Wednesday, April 27, 2005

Ubiquitous Google Instant Messenger: IAC

Deny its existence if you must, Google, but the entire internet thinks you're cooking up some good mojo for a Google Instant Messenger (GIM). I'm going to cut to the front of the "Suggest An Improvement" line and suggest and improvement before the product is even announced!

Here's my idea: When you release GIM, also release a free GIM library, with an easy-to-use API, and encourage online games to integrate some GIM functionality into their game's chat systems. Do everything you can to make GIM chat messages go everywhere.

I've been playing Guild Wars, a MMORPG, ever since they started offering "Open beta weekends". They're going to release the final game soon, and anyone who preordered is able to start playing right now. I might be able to find some of my friends playing online right now. But I would have to log in first to see their game status. That doesn't take long, but is a little annoyance, and I'm not going to bother.

Heck, even if they are playing, they might be quitting soon or off on a quest I can't join. Without starting Guild Wars, I could fire off an instant message or email to check, but if they're involved in the game, they might not see the message at all (and the audio cue might be lost in the normal sounds of the game).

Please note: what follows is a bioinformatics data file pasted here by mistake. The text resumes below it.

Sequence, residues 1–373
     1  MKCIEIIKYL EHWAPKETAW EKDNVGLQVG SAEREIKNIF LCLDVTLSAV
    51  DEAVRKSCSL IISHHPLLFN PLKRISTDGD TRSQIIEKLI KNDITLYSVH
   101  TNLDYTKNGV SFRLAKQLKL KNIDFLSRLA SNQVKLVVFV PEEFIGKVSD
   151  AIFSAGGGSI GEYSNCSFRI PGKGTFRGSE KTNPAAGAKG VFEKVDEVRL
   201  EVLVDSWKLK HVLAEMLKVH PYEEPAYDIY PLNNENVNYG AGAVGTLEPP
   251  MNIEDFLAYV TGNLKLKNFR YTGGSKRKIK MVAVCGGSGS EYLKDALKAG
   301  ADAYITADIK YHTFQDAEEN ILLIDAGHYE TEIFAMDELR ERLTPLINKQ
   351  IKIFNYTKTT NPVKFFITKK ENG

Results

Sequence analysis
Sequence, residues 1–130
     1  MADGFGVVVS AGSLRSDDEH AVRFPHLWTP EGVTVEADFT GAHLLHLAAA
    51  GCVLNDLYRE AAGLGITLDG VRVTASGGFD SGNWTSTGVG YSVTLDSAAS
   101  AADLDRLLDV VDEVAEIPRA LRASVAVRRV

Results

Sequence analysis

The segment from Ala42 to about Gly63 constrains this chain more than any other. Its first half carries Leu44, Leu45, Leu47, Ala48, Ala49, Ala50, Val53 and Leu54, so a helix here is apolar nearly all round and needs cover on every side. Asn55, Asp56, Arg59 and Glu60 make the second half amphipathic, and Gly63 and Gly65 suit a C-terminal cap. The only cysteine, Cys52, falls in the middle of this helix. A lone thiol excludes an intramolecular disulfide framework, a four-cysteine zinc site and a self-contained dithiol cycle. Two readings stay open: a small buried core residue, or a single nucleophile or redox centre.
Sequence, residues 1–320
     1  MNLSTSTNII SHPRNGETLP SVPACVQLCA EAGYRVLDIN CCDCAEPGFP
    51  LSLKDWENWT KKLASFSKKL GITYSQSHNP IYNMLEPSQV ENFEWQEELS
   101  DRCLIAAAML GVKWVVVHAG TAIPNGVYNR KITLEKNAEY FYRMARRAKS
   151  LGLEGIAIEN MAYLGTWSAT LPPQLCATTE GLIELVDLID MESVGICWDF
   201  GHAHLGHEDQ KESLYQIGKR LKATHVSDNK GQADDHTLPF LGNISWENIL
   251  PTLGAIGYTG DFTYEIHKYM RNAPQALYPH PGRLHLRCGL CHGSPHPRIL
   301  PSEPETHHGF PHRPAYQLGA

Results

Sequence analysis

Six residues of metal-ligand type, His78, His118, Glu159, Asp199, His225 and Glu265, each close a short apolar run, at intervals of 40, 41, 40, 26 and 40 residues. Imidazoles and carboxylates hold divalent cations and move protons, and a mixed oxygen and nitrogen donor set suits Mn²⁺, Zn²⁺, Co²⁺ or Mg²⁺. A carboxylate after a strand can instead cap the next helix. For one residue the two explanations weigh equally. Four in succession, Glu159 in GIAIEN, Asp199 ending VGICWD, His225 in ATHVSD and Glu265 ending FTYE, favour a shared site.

Imagine if I could look in my always-running GIM buddy list and see an entry that said, "Bob (GUILD WARS)". I use GIM to message Bob, "Hey, feel like doing some quests?". Bob sees the message in the normal Guild Wars message interface. He types "/whisper IvyMike Hey, whazzup!!!1!", using the normal in-game chat commands, and the message goes back to my GIM window.

Or imagine I'm playing Guild Wars, but I'm able to chat with my friends playing World of Warcraft, and it all works seamlessly without either of us leaving our own game's interface. Imagine I get could see my Gmail new mail alerts without leaving the game. (Did I forget to mention the tight Gmail integration that will ship as a part of GIM?) If enough developers integrate GIM into their games, then the killer feature of GIM is that it is ubiquitous.

I'm not suggesting that GIM be used as a replacement for existing chat systems in games (although that might work for some games); I am suggesting that it should be possible to send chat messages into and out of games, using GIM.

My best stab at a short catchphrase to describe it to the suits: "Inter-Application Chat."


At 12:29 PM, May 26, 2005, Anonymous Joe said...

There would have to be some way to separate game from non-game messages, I would think. Some of my friends get a ton of IM messages, and if they had to hunt through those for game messages it could get tough.


Post a Comment

<< Home